Sara remembers something telling in what Don said to her while he was attacking her. She asks the three of them to reassure her that they do not hate women, prompting Joel to disclose a story about a young woman he lived with in his teens, in which he took care of her and her baby after she died.
Sara is able to tell them that Don specifically mentioned an altar that would defile Leonard’s altar. Gabriel immediately knows what this means.
They leave for Wildmore, and go in the same way as Gabriel did with Bob. A new lock is on the door. This time they go to the opposite wing from where Leonard’s rooms were. The dark, foreboding room feels different–evil. And inside they find several bodies–destroyed, torn apart. Women who Don has murdered.
This horrifying discovery propels them out the building, and to call Michaela. She in turn handles the police arriving. She and Gabriel feel this could help Sophie if reported the right way, and Gabriel calls Alex. Alex gives him a hard time, but ultimately shows up with his protege, Clark.
Alex and Clark interview everyone and Gabriel is relieved the story is going out. He is surprised by Alex’s showing concern over what Gabriel has gone through in finding the bodies, but puts off talking to him more seriously. Right now, he feels that the women have been helped in some way by being set free.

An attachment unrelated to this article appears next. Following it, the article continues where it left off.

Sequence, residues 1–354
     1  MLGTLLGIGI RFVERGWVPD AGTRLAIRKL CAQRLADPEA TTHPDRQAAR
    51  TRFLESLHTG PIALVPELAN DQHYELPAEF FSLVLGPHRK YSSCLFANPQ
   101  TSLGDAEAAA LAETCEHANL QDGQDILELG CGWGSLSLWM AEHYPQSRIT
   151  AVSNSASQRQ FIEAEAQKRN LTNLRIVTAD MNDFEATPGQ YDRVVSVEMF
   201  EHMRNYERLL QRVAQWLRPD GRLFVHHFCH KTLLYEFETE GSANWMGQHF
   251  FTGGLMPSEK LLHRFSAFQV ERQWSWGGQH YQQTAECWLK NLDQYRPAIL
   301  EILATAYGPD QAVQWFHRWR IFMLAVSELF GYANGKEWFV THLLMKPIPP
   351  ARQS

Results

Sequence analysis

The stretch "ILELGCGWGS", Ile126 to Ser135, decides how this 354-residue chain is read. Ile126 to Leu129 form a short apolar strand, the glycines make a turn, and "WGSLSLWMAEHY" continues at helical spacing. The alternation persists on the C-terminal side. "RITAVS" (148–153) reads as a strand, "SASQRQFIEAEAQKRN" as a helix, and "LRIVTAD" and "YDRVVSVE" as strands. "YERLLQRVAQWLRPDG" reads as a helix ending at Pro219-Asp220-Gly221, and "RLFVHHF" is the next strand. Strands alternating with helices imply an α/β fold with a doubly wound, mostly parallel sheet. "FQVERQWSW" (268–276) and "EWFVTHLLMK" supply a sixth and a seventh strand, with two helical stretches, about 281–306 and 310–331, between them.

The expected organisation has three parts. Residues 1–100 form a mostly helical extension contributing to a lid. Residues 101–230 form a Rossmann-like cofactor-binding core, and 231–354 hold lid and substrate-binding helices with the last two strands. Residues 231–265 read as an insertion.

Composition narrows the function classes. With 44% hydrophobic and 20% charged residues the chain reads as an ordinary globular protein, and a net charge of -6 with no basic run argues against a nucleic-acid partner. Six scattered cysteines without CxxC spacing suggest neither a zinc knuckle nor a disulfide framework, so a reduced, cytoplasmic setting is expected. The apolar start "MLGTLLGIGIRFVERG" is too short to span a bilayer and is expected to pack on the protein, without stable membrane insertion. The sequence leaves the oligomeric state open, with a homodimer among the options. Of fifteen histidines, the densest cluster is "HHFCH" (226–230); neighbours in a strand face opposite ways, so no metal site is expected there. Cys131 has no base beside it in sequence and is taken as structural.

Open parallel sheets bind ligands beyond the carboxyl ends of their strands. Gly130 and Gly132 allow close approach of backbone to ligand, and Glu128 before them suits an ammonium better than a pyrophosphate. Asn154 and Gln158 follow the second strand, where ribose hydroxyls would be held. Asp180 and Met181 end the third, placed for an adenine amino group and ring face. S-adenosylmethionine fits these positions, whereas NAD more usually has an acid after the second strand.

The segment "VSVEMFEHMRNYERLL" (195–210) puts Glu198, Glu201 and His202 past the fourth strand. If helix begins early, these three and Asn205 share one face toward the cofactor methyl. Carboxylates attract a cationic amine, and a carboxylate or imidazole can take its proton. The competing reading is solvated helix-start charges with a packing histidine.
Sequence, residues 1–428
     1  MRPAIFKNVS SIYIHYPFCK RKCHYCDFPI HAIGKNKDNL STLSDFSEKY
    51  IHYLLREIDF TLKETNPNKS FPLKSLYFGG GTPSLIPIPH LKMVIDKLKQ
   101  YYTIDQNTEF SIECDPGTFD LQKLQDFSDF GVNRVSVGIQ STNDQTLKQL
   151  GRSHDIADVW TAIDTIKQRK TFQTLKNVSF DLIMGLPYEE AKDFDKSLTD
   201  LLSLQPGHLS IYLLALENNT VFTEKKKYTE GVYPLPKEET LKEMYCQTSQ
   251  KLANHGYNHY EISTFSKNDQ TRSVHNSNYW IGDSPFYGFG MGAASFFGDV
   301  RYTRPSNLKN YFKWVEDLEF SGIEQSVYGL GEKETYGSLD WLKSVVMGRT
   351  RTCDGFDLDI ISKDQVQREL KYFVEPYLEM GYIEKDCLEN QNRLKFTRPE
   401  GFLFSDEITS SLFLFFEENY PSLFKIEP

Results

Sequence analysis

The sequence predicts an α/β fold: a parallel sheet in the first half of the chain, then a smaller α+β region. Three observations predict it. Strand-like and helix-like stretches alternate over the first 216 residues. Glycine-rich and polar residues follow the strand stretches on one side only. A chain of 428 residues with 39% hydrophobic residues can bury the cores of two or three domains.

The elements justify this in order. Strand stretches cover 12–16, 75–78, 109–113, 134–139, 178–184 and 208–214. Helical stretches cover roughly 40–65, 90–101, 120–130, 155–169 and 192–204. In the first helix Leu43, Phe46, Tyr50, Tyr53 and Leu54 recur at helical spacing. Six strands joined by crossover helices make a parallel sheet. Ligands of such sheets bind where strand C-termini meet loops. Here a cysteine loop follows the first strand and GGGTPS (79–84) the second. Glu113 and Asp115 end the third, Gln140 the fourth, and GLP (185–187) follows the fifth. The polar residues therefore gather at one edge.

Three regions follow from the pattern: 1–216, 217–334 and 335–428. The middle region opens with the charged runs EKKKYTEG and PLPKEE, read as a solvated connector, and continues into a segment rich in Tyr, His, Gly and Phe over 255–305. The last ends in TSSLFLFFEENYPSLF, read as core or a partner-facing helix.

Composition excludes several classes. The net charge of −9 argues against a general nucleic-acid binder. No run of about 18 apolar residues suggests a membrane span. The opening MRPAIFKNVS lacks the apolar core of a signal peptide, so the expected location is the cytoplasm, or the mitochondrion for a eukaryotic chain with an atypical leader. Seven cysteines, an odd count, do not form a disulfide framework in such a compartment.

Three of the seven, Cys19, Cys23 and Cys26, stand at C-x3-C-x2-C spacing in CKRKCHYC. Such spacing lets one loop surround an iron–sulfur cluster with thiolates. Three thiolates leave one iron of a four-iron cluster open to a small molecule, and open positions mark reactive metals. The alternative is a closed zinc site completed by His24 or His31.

Between the Pages:
- For Gabriel, this is more than finding Don’s secret, or a motive for Leonard’s murder. It’s more than discovering a new serial killer on the loose. It’s seeing hatred in action. An underlying point of the crimes committed in this story are about the crimes committed against women period, especially motivated by hatred of women. Sex trafficking, murder, discrimination. Fear and hatred of women has always been here. Women have always been exploited and suppressed, made to feel that they are either lesser or evil or both. They have been erased from history through lack of telling their stories, or crafting their stories as political correctness gone awry. This still goes on in the current political and social arena–from Gamergate, to campus sexual assault, to real life serial killings continuing in Mexico and Canada, murders of trans women, assault on women’s freedoms for their bodies, and on and on on.